Warrenville, Illinois - Exelon Nuclear will pay just over $0.5 million to fund local environmental projects around its Braidwood (Braceville, Illinois), Byron (Byron, Illinois) and Dresden (Morris, Illinois) nuclear plants as part of a settlement agreement with the Illinois Attorney General's office, the company announced today.
The half million dollar amount is part of a larger $1.176 million settlement that resolves the notices of violations at each of the plants for Exelon's self-reported tritiated water findings in 2005 and 2006. The Illinois Environmental Protection Agency (IEPA) and Nuclear Regulatory Commission (NRC) have gone on record stating that the tritium concentration levels were never a health or safety issue to the public: IEPA Braidwood Fact Sheet, NRC Braidwood News Release NRC Press Release.
"We're glad that a substantial amount of the settlement will go to our local communities in support of valuable environmental projects," said Exelon's Chief Nuclear Officer Charles Pardee.
Today's settlement calls for the disbursements made by Exelon as follows, with $628,000 in civil penalties and $548,000 in supplemental environmental projects:
- Braidwood environmental payment in the amount of $392,000 to the Braidwood Dunes and Savanna Nature Preserve Restoration, and a civil penalty of $608,000
- Byron environmental payments totaling $29,000 to the Ogle and Lee County Soil and Water Conservation District for their Outdoor Stewardship Days ($11,000); the Ogle County Solid Waste Management Department ($7,500); and the Girl Scouts for its 23-acre prairie land restoration project ($10,500), and a civil penalty of $10,000
- Dresden environmental payment of $127,000 to the Illinois Conservation Foundation to fund recreational and historical rehabilitation projects along the Illinois & Michigan State Trail Complex in Grundy County, and a civil penalty of $10,000
In November 2005, Exelon Nuclear identified tritium in groundwater near its Braidwood Station. Following that initial finding, the company launched the first ever companywide comprehensive tritium environmental assessment and established robust environmental monitoring programs at its 11 nuclear plants. In June 2006, the company also began cleaning up groundwater with tritium near its Braidwood Station. To date, more than 90 percent of the tritiated water from the historical releases at that station has been removed.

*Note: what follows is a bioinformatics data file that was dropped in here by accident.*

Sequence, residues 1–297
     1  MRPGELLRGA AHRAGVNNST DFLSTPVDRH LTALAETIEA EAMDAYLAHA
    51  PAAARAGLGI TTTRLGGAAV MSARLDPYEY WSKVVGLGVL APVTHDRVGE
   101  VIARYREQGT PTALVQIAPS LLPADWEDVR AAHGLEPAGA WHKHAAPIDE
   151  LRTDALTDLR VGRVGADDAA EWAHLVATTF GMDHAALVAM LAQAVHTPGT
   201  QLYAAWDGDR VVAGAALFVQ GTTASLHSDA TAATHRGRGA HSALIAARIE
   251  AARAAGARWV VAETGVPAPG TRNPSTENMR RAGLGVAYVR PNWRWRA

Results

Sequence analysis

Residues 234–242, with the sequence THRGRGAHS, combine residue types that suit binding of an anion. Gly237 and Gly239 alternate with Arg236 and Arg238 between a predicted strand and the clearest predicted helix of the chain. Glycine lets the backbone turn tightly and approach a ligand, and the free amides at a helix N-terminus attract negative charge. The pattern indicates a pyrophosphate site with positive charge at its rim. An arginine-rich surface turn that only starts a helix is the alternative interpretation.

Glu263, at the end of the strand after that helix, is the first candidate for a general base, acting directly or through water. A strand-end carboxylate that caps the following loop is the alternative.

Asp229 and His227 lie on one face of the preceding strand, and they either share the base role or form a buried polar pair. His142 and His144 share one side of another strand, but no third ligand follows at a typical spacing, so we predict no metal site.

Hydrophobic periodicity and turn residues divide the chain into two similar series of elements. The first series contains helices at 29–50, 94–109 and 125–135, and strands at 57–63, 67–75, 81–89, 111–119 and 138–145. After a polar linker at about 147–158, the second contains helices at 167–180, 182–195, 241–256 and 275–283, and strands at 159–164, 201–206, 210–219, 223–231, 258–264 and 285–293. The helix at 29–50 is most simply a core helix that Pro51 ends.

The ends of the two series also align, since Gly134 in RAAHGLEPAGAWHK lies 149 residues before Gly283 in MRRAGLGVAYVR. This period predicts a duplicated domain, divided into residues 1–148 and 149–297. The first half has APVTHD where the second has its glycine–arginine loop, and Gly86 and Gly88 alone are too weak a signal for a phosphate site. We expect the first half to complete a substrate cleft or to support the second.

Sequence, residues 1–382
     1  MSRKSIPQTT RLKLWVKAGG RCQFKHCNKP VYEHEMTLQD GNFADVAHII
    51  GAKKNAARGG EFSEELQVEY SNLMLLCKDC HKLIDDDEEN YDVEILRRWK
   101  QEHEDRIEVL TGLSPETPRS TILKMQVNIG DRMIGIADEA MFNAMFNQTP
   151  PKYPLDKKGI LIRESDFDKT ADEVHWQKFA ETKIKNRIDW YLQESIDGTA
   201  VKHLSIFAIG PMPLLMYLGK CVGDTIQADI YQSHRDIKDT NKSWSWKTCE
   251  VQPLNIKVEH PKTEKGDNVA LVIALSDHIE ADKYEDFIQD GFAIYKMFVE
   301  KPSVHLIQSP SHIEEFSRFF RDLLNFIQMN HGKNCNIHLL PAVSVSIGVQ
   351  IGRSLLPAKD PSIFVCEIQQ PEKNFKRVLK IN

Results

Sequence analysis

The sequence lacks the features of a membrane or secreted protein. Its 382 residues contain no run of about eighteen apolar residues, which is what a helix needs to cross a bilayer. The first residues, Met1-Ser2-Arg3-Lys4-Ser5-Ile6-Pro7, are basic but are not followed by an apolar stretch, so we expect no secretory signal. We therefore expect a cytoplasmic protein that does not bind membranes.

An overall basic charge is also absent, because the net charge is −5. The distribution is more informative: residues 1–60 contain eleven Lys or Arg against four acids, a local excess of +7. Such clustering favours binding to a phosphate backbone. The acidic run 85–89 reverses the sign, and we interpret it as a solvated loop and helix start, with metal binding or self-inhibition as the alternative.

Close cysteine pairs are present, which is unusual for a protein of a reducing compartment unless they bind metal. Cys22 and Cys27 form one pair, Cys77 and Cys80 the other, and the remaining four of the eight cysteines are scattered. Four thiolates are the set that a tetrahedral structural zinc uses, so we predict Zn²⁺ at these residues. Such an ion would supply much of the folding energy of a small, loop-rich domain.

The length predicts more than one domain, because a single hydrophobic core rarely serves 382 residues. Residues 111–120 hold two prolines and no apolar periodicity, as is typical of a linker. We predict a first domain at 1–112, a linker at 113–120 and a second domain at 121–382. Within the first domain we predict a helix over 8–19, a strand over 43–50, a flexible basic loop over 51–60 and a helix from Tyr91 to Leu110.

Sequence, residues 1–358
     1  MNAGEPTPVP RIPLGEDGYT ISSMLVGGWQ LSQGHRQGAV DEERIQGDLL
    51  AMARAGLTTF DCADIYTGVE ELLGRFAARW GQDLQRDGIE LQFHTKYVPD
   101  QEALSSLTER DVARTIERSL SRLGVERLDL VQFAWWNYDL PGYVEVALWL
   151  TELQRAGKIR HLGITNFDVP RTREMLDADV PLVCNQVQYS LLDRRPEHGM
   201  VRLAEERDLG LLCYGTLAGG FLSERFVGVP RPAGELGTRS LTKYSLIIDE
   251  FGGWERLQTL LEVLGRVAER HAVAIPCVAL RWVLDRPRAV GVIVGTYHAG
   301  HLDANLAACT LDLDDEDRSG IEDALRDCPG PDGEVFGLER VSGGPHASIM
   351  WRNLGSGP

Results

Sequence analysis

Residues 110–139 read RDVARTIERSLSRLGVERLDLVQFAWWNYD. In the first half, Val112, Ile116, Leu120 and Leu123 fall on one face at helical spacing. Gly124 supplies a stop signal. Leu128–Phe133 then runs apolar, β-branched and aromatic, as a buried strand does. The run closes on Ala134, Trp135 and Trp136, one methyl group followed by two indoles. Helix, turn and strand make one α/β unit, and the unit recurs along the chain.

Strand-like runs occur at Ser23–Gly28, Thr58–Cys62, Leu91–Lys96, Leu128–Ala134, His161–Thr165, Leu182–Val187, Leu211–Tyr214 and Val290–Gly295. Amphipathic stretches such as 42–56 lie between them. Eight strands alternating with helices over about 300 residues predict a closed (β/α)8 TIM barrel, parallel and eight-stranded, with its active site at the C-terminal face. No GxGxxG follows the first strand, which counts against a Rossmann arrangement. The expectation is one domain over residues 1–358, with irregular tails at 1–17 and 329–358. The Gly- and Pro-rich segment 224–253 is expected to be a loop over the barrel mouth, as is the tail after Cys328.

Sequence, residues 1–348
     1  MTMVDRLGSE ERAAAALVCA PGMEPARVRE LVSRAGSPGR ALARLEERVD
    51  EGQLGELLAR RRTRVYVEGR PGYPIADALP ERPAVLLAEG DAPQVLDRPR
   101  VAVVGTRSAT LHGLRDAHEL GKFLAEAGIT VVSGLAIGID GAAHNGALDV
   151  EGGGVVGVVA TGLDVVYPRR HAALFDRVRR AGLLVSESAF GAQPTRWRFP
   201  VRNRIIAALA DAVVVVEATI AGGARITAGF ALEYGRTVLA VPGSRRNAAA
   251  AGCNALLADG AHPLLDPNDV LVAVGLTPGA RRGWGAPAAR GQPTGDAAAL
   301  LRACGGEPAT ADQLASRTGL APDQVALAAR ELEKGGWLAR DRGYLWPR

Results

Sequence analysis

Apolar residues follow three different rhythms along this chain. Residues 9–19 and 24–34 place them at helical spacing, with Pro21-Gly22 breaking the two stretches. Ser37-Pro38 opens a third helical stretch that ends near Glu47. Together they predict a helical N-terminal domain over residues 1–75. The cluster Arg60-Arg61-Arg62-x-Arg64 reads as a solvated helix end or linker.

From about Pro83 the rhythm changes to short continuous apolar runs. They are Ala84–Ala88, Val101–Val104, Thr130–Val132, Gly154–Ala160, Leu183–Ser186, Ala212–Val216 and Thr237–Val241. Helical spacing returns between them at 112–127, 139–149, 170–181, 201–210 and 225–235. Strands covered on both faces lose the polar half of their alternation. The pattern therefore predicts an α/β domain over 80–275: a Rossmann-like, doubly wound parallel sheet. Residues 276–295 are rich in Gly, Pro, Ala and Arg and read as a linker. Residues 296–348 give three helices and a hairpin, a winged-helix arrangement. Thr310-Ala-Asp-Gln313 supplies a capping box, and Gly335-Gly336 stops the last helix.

"We promised the public we'd remediate the tritium that went beyond our plant boundaries. We established a system-wide groundwater monitoring program and kept everyone informed of our progress. We've kept those promises and gained valuable experience that we're using in our environmental management programs," said Pardee.
Exelon hosted more than 50 public meetings and information sessions over the past three years to keep the general public and local, state and federal officials and agencies informed of Exelon's monitoring program and clean-up efforts.
At a national level, the nuclear industry also followed suit in 2006 and established industry guidelines for an environmental and groundwater monitoring program, which is carefully tracked by the NRC.
Tritium is an isotope of hydrogen that produces a very weak level of radiation. It is produced naturally in the upper atmosphere when cosmic rays strike atmospheric gases and is produced in larger quantities as a by-product of the nuclear energy industry. When combined with oxygen, tritium has the same chemical properties as water. Tritium can be found at very low levels in nearly all water sources.